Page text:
The Future of Jobs and Skills Report by the World Economic Forum (WEF) indicates that 52 percent of Kenyan jobs are subject to automation.
Automation will speed up industrialisation and economic growth. New technologies combined with human talent is bound to transform the job market which means the African industries must adapt in order to survive.
The same report says that 44 percent of all work activities in Ethiopia are subject to automation. Jobs susceptible to automation in Nigeria and South Africa are 46 percent and 41 percent respectively.
“The uneven development of the past can only be overcome with locally engineered solutions,” Sabine Dall’Omo, CEO of Siemens Southern and Eastern Africa said. “In an African context, disruptive technology can be seen as an opportunity to leapfrog into the best and most advanced technologies, but this is only possible with access to the right training and equipment.”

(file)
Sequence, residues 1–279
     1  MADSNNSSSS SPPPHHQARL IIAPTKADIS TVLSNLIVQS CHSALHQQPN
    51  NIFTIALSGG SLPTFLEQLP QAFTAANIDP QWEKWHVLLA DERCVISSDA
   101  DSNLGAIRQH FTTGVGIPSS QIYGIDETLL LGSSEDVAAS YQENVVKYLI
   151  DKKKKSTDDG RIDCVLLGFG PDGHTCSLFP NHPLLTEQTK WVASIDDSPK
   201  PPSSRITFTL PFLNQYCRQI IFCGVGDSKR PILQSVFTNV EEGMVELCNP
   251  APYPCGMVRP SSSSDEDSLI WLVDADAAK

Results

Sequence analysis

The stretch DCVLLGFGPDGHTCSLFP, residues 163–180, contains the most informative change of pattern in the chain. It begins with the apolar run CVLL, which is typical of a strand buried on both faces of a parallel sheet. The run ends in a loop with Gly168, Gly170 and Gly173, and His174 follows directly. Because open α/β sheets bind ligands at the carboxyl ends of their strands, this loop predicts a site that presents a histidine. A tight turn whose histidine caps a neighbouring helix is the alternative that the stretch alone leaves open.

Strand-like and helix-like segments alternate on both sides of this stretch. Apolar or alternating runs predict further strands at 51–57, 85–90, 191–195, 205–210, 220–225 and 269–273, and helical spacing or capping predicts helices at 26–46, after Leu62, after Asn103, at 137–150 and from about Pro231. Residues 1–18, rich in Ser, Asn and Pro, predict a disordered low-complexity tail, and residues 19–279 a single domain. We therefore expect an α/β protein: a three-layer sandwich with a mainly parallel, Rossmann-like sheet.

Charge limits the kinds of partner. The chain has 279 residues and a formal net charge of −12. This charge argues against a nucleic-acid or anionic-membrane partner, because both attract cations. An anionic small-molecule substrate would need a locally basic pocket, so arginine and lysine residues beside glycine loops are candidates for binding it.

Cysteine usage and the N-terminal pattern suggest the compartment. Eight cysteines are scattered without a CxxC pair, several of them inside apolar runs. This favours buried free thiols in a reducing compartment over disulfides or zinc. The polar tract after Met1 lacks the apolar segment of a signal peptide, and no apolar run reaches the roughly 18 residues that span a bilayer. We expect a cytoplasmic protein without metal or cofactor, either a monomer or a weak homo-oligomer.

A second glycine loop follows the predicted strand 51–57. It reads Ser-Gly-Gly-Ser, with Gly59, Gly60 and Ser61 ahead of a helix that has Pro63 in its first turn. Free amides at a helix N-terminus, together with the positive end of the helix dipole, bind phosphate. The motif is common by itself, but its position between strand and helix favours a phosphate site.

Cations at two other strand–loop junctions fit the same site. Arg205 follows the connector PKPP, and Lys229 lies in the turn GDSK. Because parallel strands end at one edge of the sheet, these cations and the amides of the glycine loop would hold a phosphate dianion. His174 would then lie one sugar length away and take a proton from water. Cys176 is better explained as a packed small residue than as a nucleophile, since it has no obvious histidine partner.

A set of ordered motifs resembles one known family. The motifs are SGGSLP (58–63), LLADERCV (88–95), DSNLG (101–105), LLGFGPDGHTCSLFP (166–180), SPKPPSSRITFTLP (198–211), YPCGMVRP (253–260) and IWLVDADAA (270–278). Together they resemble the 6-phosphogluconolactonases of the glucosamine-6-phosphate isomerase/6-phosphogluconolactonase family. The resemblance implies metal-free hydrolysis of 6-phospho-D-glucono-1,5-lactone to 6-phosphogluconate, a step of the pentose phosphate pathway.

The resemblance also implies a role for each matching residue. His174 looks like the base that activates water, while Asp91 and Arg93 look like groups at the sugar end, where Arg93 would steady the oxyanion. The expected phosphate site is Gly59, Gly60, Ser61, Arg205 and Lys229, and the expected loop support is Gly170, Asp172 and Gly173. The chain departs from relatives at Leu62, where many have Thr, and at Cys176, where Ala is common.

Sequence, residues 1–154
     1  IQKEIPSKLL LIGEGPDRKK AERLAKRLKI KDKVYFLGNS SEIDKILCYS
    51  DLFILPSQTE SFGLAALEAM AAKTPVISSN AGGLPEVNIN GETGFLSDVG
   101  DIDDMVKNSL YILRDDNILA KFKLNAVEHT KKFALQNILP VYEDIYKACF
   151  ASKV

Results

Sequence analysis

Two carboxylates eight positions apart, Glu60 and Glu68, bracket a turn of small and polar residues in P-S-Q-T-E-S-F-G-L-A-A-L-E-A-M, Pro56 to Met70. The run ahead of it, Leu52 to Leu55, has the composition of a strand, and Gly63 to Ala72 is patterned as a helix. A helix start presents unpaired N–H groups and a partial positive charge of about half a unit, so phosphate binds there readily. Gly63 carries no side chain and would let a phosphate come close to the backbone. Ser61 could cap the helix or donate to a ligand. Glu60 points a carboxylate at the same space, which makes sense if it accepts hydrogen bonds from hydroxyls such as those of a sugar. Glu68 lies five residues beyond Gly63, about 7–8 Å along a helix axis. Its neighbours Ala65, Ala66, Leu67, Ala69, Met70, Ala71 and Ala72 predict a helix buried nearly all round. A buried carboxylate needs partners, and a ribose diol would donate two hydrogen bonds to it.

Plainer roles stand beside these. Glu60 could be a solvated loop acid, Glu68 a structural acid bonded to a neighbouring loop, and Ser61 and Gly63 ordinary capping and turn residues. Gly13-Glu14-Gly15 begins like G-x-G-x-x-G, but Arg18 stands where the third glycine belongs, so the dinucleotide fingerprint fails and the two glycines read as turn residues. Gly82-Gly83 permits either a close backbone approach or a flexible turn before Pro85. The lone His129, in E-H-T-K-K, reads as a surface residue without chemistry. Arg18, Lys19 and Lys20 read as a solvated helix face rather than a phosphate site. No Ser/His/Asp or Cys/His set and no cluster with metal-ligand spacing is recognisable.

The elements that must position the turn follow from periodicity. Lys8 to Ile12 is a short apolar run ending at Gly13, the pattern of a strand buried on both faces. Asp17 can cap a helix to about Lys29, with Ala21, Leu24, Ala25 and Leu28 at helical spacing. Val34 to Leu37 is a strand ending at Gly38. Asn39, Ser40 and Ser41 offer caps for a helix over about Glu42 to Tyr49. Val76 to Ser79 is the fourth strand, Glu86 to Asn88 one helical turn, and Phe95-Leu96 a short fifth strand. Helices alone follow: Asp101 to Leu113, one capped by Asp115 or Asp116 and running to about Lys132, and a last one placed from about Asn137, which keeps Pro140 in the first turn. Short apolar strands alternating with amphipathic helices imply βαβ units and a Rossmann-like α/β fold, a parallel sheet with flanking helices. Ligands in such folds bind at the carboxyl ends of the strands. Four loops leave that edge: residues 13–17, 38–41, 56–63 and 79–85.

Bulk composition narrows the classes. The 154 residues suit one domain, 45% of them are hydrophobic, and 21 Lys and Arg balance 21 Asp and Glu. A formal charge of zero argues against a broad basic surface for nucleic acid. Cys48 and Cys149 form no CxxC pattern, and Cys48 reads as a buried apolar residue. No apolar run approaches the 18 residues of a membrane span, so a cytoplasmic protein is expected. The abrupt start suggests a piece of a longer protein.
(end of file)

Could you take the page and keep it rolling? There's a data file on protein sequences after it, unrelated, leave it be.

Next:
According to Siemens, African markets can best benefit from the digital revolution by combining skills training and infrastructure.
“Convergence of man and machine intelligence will enable a new era of speed, flexibility, efficiency and connectivity in the 21st century. […] A strong pipeline of talent with the relevant skills and knowledge is beneficial to governments and businesses, while young people advance into jobs and careers with increased economic opportunity if they have the right skills,” Dall’Omo stated.
WEF data shows that employers in some African markets grapple with employees with limited skills. This makes 41 percent of all employers in Tanzania, 30 percent in Kenya, 9 percent in South Africa, and 6 percent in Nigeria.